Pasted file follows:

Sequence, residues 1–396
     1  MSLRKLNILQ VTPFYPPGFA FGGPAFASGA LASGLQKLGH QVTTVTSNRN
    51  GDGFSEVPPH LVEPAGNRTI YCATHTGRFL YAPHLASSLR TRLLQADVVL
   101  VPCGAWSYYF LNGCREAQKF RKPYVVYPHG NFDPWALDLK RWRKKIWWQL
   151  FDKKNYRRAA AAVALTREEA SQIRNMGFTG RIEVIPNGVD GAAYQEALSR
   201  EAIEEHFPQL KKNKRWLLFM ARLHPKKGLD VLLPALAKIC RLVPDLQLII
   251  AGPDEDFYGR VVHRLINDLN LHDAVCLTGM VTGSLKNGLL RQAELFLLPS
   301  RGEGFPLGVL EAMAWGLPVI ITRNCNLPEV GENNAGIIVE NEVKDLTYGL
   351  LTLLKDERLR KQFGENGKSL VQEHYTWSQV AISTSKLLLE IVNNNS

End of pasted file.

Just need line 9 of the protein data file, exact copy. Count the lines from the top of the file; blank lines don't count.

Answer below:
   351  LTLLKDERLR KQFGENGKSL VQEHYTWSQV AISTSKLLLE IVNNNS